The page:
Tuesday, 4 February 2014

‘Unseen’ – David Guymer (Black Library)

In the depths of the Drakwald forest, a group of mercenaries gather around the fire, drinking to ward off the chill of the night. But more than cold is waiting for them in the darkness, and soon they find themselves being stalked by a creature more deadly than they could ever have imagined...

A short review today as not only have I caught Hope’s cold but she also decided to wake me up at half two this morning to ask me if today was a nursery day… Not a great way to start the day then and it isn’t surprising that my brain feels like a large lump of half melted cheese. In times like this, I can always count on a Black Library book to cheer me up a bit (despite what I’ve been saying recently), especially if it’s a Warhammer fantasy one that takes me back to the Old World. I love it there, a land in a state of perpetual warfare that seems to give rise to thoroughly readable novels more often than not. That was what I needed today and that’s what I got with ‘Unseen’, a short burst of fantasy fiction that gets its claws into you just like, well… whatever is paying a visit to the home of the wizard Heinrich Frisen. It’s a vicious piece of work and its encounter with the mercenaries, hired by Frisen, makes for brutal reading in a fight that is compelling purely because the outcome is never in doubt.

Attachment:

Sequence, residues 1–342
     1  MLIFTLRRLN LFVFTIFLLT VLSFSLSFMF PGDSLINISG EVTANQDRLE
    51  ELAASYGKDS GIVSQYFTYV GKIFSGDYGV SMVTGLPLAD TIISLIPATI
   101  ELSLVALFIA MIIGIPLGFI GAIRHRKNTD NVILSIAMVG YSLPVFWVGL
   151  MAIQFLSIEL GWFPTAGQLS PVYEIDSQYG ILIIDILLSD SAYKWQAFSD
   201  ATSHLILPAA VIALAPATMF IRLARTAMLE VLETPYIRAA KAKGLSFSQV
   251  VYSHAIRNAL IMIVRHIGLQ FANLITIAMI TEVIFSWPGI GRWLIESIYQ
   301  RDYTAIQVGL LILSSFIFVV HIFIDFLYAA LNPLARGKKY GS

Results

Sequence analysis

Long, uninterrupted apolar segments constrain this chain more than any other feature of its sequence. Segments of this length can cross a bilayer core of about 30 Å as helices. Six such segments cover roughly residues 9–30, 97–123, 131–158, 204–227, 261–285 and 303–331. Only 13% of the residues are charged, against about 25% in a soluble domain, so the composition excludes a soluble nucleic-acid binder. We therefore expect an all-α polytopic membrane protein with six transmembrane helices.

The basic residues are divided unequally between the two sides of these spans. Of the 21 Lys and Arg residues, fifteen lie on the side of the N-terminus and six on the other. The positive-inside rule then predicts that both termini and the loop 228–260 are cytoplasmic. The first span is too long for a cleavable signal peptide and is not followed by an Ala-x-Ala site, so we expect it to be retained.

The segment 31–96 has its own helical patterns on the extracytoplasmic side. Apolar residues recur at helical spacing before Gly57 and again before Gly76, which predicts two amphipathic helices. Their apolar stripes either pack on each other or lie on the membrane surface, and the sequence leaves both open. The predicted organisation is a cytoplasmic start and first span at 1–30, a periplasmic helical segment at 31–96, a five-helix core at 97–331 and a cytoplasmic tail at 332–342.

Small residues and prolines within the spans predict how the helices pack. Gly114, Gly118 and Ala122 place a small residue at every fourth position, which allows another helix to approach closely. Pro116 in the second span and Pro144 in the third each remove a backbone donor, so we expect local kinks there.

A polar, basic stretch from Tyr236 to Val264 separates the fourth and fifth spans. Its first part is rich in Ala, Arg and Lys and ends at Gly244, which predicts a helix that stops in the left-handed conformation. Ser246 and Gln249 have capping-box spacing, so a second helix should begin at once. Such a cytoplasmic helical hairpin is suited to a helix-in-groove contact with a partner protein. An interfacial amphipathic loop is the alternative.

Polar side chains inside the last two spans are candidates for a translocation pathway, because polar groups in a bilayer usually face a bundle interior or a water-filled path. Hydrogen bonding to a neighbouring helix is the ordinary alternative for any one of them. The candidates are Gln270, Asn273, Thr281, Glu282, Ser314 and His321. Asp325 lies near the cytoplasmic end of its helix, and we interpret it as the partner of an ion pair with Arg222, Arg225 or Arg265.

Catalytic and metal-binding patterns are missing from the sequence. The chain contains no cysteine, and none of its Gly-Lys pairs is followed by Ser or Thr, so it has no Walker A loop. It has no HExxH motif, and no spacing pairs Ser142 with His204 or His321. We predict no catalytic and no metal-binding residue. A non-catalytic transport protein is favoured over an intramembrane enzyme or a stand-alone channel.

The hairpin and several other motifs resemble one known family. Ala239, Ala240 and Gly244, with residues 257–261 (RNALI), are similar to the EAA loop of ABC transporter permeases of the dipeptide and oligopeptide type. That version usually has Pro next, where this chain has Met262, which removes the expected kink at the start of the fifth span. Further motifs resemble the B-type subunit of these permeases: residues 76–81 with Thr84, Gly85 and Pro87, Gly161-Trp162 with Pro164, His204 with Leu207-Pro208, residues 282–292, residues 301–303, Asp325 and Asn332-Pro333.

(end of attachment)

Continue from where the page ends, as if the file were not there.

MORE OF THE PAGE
It’s not just these moments that make the book though. Guymer works very well to bring in the oppressive atmosphere of the Drakwald Forest and add that to the unease felt by the mercenaries, especially so given this is such a short book (forty six pages on my phone). It all makes for a tale where the tension is introduced subtly and then expanded on until just the right moment when it is set free. Guymer shows here that he has a firm hand on the plot and has the timing down to a tee.

‘Unseen’ is a tale that Black Library fans will get a lot more out of than regular readers I think; it’s not a long tale at all and I think Guymer uses this as a way of skipping detail where he can get away with it (assuming that the reader should already have some knowledge about the setting). I’d say don’t let that put you off though if you haven’t tried a Black Library book before; ‘Unseen’ may skimp on the detail but it does everything else just right and made for a read that filled in my lunch break just perfectly. Now all I need to do is get through the rest of the day…

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